Without wishing the year to pass more quickly than it already has, by the time this article hits the press Christmas will almost be upon us. Many organisations will be arranging Christmas parties, however, despite seasonal fun and laughter, there are some important areas to consider.
It seems that with every passing year, and ever increasing employment legislation, not to mention case law precedent, it is almost impossible not to offend someone`s sensitivities and as we all know you can’t please all of the people all of the time! How many times has the party organiser heard “I don`t want to go there”, “I’m sick of turkey”, “can’t we just have the money instead?” Then there is the employee who has too much to drink and becomes obnoxious, over familiar or abusive about work colleagues or management. Is it really worth it?
Some employers believe the Christmas party is one way to express their appreciation for everyone`s efforts throughout the year and often this becomes an accepted or expected annual event, especially when the employer pays the bill, including any alcohol. Employees need to be aware that although such events may be held outside of normal working hours, the normal rules of behaviour still apply. For example, any employee, who has had too much to drink, can still be disciplined for improper and inappropriate language, threatening behaviour or sexual harassment.
If sufficiently serious this could result in dismissal but do give consideration that any case for dismissal could be weakened if the employer has footed the bar bill. It could appear that the employer has encouraged people to drink excessively and/or possibly failed to control the individual at the time, which may be deemed as condoning the drinking and unruly behaviour!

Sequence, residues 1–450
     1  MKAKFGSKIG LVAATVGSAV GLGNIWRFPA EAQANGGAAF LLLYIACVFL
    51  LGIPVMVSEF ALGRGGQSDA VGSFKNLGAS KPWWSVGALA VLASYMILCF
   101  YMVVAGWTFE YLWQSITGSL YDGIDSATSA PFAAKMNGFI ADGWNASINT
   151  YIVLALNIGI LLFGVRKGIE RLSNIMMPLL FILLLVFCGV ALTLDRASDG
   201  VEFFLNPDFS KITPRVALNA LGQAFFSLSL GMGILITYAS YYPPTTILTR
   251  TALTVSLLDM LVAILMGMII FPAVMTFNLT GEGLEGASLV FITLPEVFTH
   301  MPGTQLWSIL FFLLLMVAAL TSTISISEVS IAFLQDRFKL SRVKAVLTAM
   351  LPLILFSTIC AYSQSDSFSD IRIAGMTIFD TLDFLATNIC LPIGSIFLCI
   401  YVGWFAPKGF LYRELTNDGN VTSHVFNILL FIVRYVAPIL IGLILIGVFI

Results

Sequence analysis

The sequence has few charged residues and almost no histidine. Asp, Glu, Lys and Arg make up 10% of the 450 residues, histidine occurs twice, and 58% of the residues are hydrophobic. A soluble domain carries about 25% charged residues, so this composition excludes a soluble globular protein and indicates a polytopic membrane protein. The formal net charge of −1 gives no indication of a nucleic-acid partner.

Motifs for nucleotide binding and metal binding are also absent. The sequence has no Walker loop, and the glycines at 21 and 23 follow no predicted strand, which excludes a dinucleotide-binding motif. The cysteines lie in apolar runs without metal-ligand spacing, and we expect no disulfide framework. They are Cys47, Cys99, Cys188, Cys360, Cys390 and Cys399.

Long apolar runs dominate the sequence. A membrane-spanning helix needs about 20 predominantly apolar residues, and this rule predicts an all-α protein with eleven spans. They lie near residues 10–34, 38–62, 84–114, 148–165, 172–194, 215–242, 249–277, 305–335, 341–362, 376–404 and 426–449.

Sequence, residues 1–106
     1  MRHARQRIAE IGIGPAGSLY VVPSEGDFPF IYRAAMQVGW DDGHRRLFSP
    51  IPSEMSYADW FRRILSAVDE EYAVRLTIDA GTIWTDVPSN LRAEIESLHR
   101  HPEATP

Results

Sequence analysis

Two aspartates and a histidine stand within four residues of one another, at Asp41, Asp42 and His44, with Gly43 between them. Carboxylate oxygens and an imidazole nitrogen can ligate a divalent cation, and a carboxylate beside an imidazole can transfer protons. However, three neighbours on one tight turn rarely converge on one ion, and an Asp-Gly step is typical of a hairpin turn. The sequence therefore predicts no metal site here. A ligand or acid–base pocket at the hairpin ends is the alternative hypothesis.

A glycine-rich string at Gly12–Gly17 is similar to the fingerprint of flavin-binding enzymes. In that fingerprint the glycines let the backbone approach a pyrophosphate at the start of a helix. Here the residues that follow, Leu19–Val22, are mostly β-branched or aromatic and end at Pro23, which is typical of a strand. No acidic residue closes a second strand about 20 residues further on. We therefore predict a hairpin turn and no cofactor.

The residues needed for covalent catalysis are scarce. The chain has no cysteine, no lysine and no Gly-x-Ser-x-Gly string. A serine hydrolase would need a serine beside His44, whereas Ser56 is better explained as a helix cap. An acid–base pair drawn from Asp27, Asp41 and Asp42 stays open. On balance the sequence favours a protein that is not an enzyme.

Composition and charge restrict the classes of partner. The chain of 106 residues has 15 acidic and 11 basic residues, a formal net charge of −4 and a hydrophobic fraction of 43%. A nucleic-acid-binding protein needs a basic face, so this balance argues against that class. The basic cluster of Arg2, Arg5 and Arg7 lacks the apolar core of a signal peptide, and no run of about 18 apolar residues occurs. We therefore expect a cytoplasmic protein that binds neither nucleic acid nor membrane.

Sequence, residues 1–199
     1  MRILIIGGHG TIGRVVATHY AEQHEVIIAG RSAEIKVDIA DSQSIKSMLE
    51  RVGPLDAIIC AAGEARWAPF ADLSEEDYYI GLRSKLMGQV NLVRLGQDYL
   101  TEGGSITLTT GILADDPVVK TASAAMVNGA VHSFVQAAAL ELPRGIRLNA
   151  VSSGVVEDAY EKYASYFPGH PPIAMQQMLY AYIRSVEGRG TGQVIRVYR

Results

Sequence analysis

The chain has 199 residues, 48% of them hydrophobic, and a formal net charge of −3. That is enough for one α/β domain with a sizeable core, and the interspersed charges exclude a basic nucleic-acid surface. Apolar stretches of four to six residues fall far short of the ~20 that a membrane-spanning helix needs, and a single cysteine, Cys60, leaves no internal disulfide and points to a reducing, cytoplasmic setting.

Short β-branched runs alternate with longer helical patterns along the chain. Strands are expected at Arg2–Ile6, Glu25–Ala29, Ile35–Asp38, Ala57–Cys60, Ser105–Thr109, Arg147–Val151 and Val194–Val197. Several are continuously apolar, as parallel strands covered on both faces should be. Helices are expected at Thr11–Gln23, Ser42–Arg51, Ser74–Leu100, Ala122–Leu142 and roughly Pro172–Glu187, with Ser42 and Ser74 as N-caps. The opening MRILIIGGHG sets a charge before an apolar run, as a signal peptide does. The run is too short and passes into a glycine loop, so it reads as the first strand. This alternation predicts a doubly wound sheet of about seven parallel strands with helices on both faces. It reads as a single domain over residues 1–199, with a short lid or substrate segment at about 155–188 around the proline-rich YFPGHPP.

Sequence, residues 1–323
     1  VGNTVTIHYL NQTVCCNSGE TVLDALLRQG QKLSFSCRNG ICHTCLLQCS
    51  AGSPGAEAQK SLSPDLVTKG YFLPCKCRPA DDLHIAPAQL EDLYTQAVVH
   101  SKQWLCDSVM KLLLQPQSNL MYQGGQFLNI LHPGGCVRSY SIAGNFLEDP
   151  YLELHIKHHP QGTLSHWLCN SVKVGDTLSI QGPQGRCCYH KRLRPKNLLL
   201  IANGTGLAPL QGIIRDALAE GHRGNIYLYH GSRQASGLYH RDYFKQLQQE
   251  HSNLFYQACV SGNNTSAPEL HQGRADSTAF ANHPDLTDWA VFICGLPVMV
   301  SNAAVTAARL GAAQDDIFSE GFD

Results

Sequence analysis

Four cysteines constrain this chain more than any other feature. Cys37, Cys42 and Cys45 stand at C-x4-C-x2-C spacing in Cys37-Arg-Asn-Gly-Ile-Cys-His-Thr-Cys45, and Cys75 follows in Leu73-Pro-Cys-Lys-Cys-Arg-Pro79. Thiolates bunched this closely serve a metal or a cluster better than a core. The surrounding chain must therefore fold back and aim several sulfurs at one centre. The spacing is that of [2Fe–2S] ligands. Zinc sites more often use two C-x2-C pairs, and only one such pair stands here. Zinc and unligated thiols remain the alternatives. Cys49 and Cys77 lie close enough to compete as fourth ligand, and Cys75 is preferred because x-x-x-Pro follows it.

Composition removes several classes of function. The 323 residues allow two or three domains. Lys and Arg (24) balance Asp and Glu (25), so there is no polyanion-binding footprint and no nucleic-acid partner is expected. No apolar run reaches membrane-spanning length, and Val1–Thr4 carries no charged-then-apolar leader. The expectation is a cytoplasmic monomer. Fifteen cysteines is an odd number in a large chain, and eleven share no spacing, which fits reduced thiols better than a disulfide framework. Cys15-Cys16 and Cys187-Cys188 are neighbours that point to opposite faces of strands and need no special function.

If such a case does arise, you will need to investigate the incident without delay and obtain witness statements in the normal way and warn the individual concerned that one possible outcome could be dismissal (in which case suspension may be necessary). Follow a proper procedure and you will not go far wrong as these days a fair procedure is crucial.
You should make sure that there is a non-alcoholic alternative available and any dietary needs can be accommodated, although most restaurants automatically offer vegetarian options and even gluten free these days. Just make it clear to all your employees that everyone is invited not withstanding any personal preferences.